Published on April 15th, 2019 | by Emergent Enterprise0
AI is Changing the Way we Study the Stars, Grow Food, and Create Art
Innovation is rampant at companies integrating artificial intelligence into products, services and processes. Kyle Wiggers at VentureBeat shares several areas where AI is changing the way organizations get things done. And it’s faster, saves money and leads to unprecedented results – like seeing a black hole for the first time. Get caught up and start thinking about how AI can be plugged in to your world.
Image Credit: enzozo/Shutterstock
Too often, technologists become wrapped up in doom-and-gloom predictions about job-stealing, prejudicial, and potentially murderous AI. Fear sells, the saying goes, and that seems doubly true when it comes to emerging tech.
But focusing on AI’s negatives blinds us to its positives. As my colleague Khari Johnson and I have written countless times, artificial intelligence promises to transform entire verticals for the better, from health care and education to business intelligence and cybersecurity. More excitingly, it’s laying the groundwork for new industries and pursuits of which we haven’t yet conceived.
This week, MIT graduate student and postdoctoral fellow with Event Horizon Telescope Katie Bouman created an algorithm — Continuous High-resolution Image Reconstruction using Patch priors, or CHIRP for short — that combined data from eight radio telescopes from around the globe to generate the first image ever of a black hole. CHIRP — a three-year collaborative effort among MIT’s Computer Science and Artificial Intelligence Laboratory, the Harvard-Smithsonian Center for Astrophysics, and the MIT Haystack Observatory — reconstructs images while accounting for variations in signal strength, such that delays caused by atmospheric noise cancel each other out.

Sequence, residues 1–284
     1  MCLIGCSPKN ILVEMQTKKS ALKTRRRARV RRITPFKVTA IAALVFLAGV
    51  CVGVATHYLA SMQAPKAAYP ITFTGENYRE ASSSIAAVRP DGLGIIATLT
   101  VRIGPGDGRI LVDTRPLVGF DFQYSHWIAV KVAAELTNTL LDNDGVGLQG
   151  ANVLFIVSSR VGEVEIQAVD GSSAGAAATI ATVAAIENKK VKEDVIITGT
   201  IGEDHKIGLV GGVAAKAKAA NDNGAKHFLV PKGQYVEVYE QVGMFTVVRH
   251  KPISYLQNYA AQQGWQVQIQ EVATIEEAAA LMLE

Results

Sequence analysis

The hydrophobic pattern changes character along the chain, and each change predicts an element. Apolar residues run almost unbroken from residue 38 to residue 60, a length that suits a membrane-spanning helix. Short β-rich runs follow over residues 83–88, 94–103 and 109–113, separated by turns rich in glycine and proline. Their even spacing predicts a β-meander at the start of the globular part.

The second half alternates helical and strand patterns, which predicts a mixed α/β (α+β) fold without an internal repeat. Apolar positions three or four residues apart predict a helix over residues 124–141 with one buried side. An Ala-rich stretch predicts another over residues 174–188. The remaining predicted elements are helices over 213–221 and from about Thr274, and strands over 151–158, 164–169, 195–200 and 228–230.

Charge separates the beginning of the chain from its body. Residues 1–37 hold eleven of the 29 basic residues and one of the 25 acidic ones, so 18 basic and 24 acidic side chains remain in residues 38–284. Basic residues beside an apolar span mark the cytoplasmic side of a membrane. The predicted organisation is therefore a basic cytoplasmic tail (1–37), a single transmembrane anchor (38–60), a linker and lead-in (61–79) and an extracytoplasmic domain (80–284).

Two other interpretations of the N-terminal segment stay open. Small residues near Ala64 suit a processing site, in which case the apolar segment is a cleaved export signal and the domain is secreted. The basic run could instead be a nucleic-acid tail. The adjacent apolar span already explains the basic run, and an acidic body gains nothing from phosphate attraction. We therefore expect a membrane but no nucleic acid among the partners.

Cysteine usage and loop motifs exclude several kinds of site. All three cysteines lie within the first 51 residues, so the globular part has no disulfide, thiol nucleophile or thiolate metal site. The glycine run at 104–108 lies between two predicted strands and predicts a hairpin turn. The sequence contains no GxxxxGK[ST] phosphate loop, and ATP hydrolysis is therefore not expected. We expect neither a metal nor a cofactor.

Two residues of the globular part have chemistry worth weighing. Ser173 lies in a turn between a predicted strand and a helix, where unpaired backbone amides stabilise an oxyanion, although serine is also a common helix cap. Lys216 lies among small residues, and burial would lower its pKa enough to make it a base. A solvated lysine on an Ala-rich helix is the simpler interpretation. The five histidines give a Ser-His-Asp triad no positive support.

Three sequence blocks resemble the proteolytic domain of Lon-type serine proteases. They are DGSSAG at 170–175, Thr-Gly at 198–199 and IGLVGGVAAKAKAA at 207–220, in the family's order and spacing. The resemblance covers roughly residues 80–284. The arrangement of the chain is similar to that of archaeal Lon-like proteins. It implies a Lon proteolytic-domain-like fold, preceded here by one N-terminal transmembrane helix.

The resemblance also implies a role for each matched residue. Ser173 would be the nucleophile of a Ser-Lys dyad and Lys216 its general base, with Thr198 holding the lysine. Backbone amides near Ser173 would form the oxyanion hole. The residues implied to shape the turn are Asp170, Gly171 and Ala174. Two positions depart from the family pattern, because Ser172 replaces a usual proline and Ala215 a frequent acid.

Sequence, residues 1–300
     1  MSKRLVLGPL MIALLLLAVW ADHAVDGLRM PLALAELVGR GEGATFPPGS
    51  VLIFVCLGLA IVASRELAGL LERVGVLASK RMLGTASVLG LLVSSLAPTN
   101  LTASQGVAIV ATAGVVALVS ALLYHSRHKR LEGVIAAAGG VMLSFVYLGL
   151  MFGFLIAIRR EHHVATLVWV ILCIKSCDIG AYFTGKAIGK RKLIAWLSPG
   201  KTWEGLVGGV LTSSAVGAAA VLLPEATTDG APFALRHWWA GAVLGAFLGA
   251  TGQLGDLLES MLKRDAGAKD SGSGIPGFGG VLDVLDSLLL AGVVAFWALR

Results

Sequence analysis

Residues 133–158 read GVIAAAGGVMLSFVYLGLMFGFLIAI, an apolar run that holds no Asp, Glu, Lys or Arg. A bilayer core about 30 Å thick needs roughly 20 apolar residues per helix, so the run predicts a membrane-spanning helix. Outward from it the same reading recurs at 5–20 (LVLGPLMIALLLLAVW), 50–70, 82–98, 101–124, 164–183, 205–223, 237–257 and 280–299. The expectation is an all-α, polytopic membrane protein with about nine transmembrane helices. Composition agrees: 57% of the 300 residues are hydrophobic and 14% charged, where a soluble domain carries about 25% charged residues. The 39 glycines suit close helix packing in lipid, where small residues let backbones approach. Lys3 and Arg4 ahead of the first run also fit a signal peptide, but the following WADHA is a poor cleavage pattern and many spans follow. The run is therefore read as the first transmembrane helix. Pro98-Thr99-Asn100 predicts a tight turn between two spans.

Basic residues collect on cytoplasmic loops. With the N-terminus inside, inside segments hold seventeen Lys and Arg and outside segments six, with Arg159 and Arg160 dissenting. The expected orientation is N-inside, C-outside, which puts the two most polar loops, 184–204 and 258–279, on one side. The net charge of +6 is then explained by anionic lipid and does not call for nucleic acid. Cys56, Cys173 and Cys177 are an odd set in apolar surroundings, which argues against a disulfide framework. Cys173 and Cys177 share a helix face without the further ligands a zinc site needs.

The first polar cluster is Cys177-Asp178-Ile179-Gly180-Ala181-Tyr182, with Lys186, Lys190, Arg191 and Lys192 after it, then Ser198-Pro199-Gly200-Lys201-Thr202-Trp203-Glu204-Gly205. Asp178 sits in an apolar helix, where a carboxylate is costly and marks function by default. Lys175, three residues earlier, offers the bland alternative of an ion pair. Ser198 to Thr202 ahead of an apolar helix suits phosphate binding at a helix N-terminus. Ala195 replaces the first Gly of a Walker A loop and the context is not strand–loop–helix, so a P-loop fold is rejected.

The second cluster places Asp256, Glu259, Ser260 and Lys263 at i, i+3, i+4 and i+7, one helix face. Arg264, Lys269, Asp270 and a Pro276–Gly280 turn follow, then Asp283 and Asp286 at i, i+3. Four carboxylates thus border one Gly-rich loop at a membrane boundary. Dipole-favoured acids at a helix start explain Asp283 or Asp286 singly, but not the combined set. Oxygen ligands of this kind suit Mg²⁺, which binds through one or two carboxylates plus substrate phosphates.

In equally uplifting news, the University of California, Berkeley on Monday unveiled a humanoid robot with a depth-sensing camera and motorized arms, all of which can be controlled with virtual reality handsets and trained to manipulate objects using AI. Pieter Abbeel, a professor and director of the Robot Learning Lab at UC Berkeley and the roboticist leading the project, told The Verge that recent advances in machine learning made possible the new design, which has a bill of materials substantially lower than most comparable alternatives (around $5,000 versus tens of thousands of dollars).